Fox James wrote:I have found that studying rocket stoves can be very frustrating, it is not something that has been developed and perfected by a large company with unlimited resources ... so many questions don’t have conclusive answers that can easily be found out!...
However I can’t help but think there is far more to come........
thomas rubino wrote:Peter; With all due respect you and Mimi are Journeyman rocket scientists! Your not fooling anyone about being a novice... that was months ago!
Next year after you consult on all your neighbors new RMH'S and start planning / ? construction on your first batch box, You will become a master builder !
Well OK , might take a day or two longer than a year but you are well on the way!
Gerry Parent wrote:Second the motion Thomas! As long as you know that there's always more to learn, a 'title' should never slow you down as long as the ego doesn't get in you own way.
On another note, I got around to modifying the wood carrier, by enlarging the holes around the handles....mucho betta!
Gerry Parent wrote:The one area that would help to clean as well would be the inside surface of the barrel, unless you want it to radiate a little less heat into the room and more into the bench.
Otherwise, looks quite normal/healthy to me. Its nice that you have so much room to allow the ash to stay where it is so that there is no problems with it restricting draft.
Satamax Antone wrote:Looking at the brownish color of the barrel's ashes. I would insulate a smidge more the heat riser.
Peter Sedgwick wrote:Did notice however that the ash that has settled on the floor around the base of the manifold etc is substantial lighter and fluffier than the ash we clean out of the burn box everyday. Wasn’t really expecting it to be so light. Seems like would have a lot of insulation value if left undisputed. (In moderation I would imagine. Doesn’t look like very much is making its way deep inside the half barrel bench area, but hard to tell as I can only try to judge based on what I can see from the manifold side of the large transition hole. Peter🤓
Gerry Parent wrote:To me, the linguistics of the term "fly ash" would mean ash that flies, but when I looked it up, there is another description: fly ash Not sure if it has to be ash from burning coal or if it can also be from wood?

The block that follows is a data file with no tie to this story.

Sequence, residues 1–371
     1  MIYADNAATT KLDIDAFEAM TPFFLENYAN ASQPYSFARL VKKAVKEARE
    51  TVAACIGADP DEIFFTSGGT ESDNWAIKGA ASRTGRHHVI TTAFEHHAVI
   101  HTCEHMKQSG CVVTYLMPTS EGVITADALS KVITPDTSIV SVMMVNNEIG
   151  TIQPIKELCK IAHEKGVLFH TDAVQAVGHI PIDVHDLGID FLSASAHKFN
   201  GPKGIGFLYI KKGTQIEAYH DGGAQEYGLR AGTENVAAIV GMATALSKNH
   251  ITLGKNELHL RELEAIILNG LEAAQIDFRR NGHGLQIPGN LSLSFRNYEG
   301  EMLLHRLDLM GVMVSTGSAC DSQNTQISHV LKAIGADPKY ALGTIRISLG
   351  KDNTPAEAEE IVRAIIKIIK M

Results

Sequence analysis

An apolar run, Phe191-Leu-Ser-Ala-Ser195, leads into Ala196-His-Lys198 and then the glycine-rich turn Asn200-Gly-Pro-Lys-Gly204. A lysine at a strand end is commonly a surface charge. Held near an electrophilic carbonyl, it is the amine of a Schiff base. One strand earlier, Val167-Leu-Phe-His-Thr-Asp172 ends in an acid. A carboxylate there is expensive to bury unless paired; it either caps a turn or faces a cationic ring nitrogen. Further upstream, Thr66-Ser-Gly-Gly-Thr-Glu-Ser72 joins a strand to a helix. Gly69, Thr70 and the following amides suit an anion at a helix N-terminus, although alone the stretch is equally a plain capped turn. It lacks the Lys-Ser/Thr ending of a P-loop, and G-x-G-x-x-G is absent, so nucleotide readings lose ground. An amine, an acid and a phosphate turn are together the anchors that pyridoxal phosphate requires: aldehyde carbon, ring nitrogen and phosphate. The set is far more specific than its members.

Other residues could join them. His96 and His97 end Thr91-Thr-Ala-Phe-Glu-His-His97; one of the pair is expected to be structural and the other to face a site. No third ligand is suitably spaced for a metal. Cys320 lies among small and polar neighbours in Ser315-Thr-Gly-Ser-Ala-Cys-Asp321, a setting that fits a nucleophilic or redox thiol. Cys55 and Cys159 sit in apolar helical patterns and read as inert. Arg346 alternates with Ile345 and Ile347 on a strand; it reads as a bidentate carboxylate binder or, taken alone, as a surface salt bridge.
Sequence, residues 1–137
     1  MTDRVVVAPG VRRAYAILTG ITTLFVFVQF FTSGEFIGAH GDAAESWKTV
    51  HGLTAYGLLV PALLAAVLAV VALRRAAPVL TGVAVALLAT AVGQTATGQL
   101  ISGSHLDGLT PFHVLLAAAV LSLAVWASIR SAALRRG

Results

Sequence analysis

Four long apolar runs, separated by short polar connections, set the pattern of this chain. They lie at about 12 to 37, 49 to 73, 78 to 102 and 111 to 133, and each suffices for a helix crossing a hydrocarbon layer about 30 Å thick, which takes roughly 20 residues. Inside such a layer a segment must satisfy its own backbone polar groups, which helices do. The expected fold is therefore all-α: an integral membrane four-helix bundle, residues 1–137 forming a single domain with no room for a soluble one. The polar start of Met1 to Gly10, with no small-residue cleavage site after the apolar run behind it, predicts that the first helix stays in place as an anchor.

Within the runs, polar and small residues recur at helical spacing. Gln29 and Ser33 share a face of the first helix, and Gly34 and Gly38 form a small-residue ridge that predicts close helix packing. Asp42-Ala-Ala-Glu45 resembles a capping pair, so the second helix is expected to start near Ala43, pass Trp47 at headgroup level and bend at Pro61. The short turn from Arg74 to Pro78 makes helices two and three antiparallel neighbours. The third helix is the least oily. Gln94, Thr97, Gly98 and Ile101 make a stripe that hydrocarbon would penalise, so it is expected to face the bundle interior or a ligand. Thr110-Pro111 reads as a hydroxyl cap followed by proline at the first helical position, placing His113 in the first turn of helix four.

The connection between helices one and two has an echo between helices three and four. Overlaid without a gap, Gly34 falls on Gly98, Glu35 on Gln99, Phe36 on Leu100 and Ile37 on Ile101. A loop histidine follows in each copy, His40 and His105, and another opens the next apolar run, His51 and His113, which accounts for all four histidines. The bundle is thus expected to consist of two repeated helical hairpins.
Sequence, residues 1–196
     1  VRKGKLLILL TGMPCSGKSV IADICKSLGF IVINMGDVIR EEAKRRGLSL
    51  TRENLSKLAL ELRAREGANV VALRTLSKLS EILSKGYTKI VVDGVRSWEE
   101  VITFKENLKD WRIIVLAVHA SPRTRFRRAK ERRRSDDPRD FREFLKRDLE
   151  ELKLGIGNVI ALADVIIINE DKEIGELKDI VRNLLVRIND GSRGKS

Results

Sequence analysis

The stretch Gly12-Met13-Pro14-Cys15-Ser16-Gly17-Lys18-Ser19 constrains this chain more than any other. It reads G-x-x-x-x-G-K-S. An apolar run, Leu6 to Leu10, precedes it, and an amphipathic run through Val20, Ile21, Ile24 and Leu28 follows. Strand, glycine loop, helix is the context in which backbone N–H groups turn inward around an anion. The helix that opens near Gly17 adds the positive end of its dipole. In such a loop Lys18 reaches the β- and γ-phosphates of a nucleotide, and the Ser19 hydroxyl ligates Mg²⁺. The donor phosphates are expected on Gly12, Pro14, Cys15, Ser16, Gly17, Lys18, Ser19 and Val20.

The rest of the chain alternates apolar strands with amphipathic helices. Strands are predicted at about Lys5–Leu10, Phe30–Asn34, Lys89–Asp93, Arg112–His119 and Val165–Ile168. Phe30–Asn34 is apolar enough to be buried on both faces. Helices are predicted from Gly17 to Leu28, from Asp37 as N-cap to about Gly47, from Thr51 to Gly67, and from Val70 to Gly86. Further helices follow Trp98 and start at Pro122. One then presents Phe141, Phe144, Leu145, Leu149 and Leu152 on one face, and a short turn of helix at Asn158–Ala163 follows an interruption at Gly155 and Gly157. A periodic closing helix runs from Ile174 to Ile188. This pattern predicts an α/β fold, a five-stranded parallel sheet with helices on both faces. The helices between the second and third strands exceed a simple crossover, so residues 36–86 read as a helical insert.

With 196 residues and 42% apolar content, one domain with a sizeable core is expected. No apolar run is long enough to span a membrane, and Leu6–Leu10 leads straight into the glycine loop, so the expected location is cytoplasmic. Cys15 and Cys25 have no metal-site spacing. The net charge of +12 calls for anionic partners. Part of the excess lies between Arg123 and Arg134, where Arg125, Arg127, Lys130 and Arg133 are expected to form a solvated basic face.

I know Donkey (Kirk Mobert) has used quite a bit in his builds (as well as for a mortar). I have used it some too but don't have enough experience to say how well it performs.
Also, have you checked your vertical exhaust pipe for the amount of 'fuzz' coating that might be on there?
As I think Thomas pointed out earlier, the brown drippies that come out of the pipe are mostly from the bench drying out and will go away when it dries out completely as you have witnessed. As for creosote buildup, I don't think you have any concern. I don't think the fuzz counts as creosote. The thicker black tar-like substance that will still burn if ignited is at least my definition of what creosote is.
Perfect advice from Thomas. Tho, i would use a tube myself, to hold the mix.
thomas rubino wrote:Hi Peter; Regular clay mixed with perlite and formed with hardware cloth is fine, once you are out of the riser temperatures are moderate enough to not need fireclay.
Gerry Parent wrote:The best time to fill those cracks would be when they are at their warmest and therefore their widest due to expansion - Dampen down and smear some loose clay/sand into them. Some may come back (again and again) so sometimes its not a perfect fix. Just consider those persistent ones natural expansion joints or dragon wrinkles. Adds character!
Nice retro cap you made. Earth, fire, water, air, and now metal (along with your P-channel). Makes your creation elementally complete.
Peter Sedgwick wrote:Experimenting a bit with Chimichanga hair in the mix as well. That seems to be helping with the tinsel strength. Most of the cracks are holding. Really trying to use the crack patch exercise as a chance to work out the best proportions of ingredients for a finish plaster mix. Not too much dusting but would like to eliminate dusting all together if possible. Any suggestions or insight would be much appreciated.
Peter Sedgwick wrote:Could add slaked lime to the finished mix. Could finish with linseed oil. The only thing that makes me hesitant on those two options is that it seems like a one time deal. As in once you do it you can’t go back. With the clay based plaster we have now I can always reapply new layers and adjust. That won’t be the case if we use lime or seal with oil correct?